Annoyed groundskeeper shoots ducks in Delray Beach, police say

DELRAY BEACH, Fla. - It was, by any stretch, a fowl deed.

Two days before Thanksgiving, police say there was drunken duck hunt in Delray Beach. But they also say Scott Jensen, the 48-year-old maintenance supervisor charged with killing the birds with a high-powered pellet gun from atop a roof, had no intention of serving the ducks at the dinner table.

"He was growing tired of cleaning up the duck feces from the patio," detectives say Jensen told them, according to a Delray Beach Police report.

Jensen, who allegedly used an apartment complex storage room to practice shooting holes in paper targets and discarded appliances, now stands charged with animal cruelty.

The real shooting began on Nov. 19, just after 9 p.m., when two residents of the rental community noticed something out of the ordinary. The complex is in the 600 block of Audubon Boulevard, a street named after the famous naturalist who dedicated his life to cataloging birds.

There was a man on the roof, dressed in black, crouched in a tactical stance, slowly walking with a "sniper style" rifle in his hands.

The man then fired the gun four or five times toward the ducks around the lake. Concerned, residents called police.

"The area to which the defendant was shooting is traveled by residents," the report says.

Police arrived at the Delray Lake Apartments a short time later and began to search for a way up to the roof.

While searching for access, officers found a storage room and stepped inside. There, they found a rifle in the corner of the room, near a box, chair and empty beer cans littered on the floor.

Paper targets lined the southwest wall. Broken appliances in the room also appeared to have been used as targets, their steel cases riddled with holes.

Officers then found a way to the roof.

There they found Jensen, armed with what looked like a high-powered rifle, furnished with a long-range scope. Jensen was wearing a black shirt and black shorts, matching descriptions from witnesses.

Officers immediately arrested Jensen and collected the belongings he had with him on the roof: a .22-caliber "nitrogen propelled" pellet rifle with a scope, backpack, jacket, two flashlights and six bottles of Miller beer.

At the Delray Beach Police Department, detectives interviewed Jensen.

"The defendant confessed to shooting Muscovy ducks from the roof and showed no remorse in doing so," the report says.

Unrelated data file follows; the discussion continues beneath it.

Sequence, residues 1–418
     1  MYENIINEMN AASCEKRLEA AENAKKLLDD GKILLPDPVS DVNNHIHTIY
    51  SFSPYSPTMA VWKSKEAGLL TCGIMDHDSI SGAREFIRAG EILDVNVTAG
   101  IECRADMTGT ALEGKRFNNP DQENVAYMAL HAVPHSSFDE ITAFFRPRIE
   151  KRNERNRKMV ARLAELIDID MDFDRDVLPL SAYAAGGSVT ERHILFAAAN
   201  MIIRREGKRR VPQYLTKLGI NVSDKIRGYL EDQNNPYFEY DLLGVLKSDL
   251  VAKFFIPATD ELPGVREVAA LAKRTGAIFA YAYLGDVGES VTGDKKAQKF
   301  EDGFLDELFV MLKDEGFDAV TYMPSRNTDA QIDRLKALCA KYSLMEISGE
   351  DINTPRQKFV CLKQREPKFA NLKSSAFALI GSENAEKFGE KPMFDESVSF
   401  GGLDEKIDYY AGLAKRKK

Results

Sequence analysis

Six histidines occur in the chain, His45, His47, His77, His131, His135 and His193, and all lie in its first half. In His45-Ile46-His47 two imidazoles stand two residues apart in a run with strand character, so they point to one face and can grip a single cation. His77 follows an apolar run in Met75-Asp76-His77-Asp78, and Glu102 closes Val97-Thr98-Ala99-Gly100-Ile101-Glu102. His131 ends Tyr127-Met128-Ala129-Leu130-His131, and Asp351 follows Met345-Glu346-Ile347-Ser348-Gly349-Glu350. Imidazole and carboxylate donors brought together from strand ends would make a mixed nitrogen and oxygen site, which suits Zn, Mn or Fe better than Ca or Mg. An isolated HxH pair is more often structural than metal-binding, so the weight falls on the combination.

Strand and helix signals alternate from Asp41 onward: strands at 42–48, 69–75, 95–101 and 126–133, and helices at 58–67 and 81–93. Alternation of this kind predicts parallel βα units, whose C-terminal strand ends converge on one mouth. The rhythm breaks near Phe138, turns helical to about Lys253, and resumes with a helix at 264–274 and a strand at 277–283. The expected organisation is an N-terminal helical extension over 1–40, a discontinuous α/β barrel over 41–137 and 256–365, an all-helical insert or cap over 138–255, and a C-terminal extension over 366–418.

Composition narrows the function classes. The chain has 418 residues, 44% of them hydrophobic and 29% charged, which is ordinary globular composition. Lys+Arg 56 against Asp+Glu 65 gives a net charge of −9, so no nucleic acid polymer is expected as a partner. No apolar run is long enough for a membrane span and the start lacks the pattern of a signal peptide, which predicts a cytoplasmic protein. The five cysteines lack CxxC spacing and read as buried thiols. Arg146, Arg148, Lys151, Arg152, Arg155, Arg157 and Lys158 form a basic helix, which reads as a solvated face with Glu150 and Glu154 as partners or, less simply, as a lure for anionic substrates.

As maintenance supervisor of Delray Lake Apartments, Jensen told detectives he killed the birds because he was tired of cleaning up after them.

Jensen then admitted he was on the roof the night before his arrest and shot at least three ducks. On Nov. 19, the night of his arrest, Jensen said he shot 10 ducks.

But detectives only discovered two deceased ducks near the lake. It is unknown what happened to the other ducks.

"The defendant," the report says, "who appeared intoxicated, stated that he would continue to shoot the ducks to rid the property of them."

Deputies booked Jensen in the Palm Beach County Jail on two charges of animal cruelty. He was released the next day. Arrest records show Jensen had never been arrested before allegedly killing the ducks.

While many consider Muscovy ducks a nuisance, the creatures are protected by a 2010 federal rule.

Muscovy ducks are considered non-natives to Florida and invasive, so residents are prohibited from picking up the birds and relocating them. Landowners or local governments can trap and destroy them, but they must do it in a "humane" way, following anti-cruelty laws.

It is unknown if the property manager of Delray Lake Apartments gave Jensen permission to kill the ducks. A company representative told the Sun Sentinel Tuesday she would not comment on the incident.

Specifically, Florida law defines animal cruelty as intentionally inflicting harm, torture or suffering.

Since the federal rule went into effect, duck handler Eunice Sivertsen, who runs a duck rescue facility in Margate called Duck Haven, said she has seen more and more incidents involving annoyed residents taking the lives of ducks into their own hands.

Many residents, Sivertsen said, have shot, run over or poisoned the birds.

"If his statement to law enforcement specifically says he 'shot' the ducks," said Diane Sauve, director of Palm Beach County Animal Care & Control, "then that in itself could mean that there was and could still be suffering if any of the ducks remain injured or if their death was preceded by prolonged pain."

Staff writer David Fleshler and researcher Barbara Hijek contributed to this report.

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